We think a birth plan is there to make sure we get the birth we want, don’t we? However, this isn’t true.
The main purpose of a birth plan is to give us a frame of reference, a starting point for what we hope to achieve, what is acceptable to us if all works out as we want and to help other people understand what it is that is important to us.
Without it you may be burying your head in the sand about things that are concerning you or as bad, not opening your mind to the best birth possible.
Those who are there to support you will also have to be mind-readers on the day won’t they?
It is said that failing to plan is planning to fail. However, how you feel about your birth plan if you write one may still lead you down the path of failure unless you know how to use it for success.
Do you see your birth plan as a rigid set of steps that have to happen, or do you see it as a fluid and flexible guide that can be adapted if the need arises?
If it is the former, we need to talk, if it is the latter you can stop reading now.
Maybe you are somewhere in the middle and you already know that your birth plan isn’t guaranteed to pan out as written and that is causing you to doubt whether it is worth writing one at all, even though instinctively you know it is important.
Perhaps you are ready to write your birth plan and want to make sure that you get it right, if you are let’s look at the best way to do that.
Blue-sky thinking is mainly used in business, I believe though that it is also a fantastic tool for life. What it represents is being open to all possibilities, there are no stupid ideas and as the name suggests, the sky’s the limit. I believe that this is a good place to start when thinking about the kind of birth you want. Why go for anything less than the best when you are in the dreaming phase of the planning process?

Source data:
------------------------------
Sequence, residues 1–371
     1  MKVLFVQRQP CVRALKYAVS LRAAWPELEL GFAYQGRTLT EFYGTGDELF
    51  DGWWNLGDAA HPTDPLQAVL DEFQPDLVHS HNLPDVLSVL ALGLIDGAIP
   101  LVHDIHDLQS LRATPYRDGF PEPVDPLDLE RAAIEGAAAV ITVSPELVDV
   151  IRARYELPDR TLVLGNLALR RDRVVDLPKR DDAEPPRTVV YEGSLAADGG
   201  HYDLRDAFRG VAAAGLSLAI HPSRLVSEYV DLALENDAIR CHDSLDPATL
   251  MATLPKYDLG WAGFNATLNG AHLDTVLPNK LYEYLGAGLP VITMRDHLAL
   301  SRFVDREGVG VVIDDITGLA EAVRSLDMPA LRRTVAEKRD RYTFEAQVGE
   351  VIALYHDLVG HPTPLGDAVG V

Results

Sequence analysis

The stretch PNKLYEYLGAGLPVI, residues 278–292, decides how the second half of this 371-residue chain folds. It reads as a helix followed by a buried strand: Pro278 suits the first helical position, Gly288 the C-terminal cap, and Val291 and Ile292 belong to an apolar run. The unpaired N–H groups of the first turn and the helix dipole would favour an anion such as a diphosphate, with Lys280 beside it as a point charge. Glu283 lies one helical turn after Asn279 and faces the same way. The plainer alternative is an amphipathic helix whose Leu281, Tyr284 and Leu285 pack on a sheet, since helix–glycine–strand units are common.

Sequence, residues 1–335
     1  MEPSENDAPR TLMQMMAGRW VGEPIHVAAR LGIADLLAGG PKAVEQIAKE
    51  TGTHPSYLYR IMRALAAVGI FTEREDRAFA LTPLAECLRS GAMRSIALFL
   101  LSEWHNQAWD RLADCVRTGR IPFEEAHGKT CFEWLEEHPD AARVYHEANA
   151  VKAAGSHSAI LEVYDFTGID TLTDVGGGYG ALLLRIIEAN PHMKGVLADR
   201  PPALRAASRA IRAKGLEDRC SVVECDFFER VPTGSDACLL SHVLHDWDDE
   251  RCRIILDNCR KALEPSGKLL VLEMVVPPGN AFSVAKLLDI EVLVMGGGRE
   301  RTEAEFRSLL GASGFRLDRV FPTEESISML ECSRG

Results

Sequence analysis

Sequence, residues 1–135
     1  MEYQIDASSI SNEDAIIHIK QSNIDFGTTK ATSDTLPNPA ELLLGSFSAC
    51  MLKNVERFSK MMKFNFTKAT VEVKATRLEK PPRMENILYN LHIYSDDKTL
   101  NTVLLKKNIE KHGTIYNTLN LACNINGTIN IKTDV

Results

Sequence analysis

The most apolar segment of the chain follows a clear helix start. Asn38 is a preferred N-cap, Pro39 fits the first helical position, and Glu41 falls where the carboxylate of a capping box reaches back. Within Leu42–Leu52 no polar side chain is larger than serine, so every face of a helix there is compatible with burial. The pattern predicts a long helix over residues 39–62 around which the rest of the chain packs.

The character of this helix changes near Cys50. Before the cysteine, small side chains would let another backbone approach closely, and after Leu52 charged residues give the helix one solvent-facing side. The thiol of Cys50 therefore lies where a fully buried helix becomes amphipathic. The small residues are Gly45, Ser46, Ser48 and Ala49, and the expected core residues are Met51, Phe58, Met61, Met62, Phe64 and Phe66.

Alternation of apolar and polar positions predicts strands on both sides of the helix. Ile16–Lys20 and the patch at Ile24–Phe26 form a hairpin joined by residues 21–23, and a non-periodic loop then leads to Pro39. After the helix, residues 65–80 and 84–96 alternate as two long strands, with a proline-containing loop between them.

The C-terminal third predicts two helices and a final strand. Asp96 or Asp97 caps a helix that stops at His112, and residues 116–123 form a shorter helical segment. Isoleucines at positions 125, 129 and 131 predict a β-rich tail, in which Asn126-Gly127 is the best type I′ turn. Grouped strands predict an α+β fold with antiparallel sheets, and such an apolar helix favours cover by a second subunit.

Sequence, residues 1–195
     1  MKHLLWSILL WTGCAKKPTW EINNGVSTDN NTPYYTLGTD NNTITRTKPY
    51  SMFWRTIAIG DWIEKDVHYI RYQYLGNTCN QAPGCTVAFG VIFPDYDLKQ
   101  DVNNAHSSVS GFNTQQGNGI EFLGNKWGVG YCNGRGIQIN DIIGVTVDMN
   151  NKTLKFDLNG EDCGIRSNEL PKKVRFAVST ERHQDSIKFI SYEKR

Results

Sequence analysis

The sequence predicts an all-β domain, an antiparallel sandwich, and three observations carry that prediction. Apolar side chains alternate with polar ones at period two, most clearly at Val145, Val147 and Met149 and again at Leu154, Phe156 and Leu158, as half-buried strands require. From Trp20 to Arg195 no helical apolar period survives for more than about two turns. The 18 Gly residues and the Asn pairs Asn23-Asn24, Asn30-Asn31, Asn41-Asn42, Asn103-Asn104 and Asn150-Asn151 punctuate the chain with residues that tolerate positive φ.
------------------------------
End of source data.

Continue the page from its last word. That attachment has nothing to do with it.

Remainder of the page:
Once you know what you want you will want to carry out some research around how possible that is. Things that you will want to consider are:
- Whether or not you are low, medium, high risk (there maybe some prior research required to ensure that you are in the right category).
- Whether what you want is practical (bearing in mind what’s practical can be subjective).
- What’s available to you. Unfortunately, whatever our rights and however much we want to fight for something, sometimes what we want is not always possible.
- If you can afford ‘it’ if whatever you want needs paying for. With regards to this you might want to think about the difference between not having the money and finding the money for something that is worth it.
This step isn’t always necessary when doing your initial birth planning or in fact ever, however, be prepared that sometimes when you first let your medical caregivers know what you want that you may get a no. This is why your research is important because it gives you the confidence to talk about your unique situation, rather than being seen as a statistic.
The most important consideration when you are negotiating is to look for a win:win:win scenario. A win for you, the baby and your medical caregivers. Why is the latter important? Because your medical caregivers are as human as you and will have their own set of fears and limiting beliefs as well as restrictions caused by protocol and maybe even lack of funding.
Many of their concerns are not unsurpassable, however how you approach your communications with them, may end up being the difference between an amicable working towards what you want and a confrontational and upsetting conversation that may leave you drawing a blank.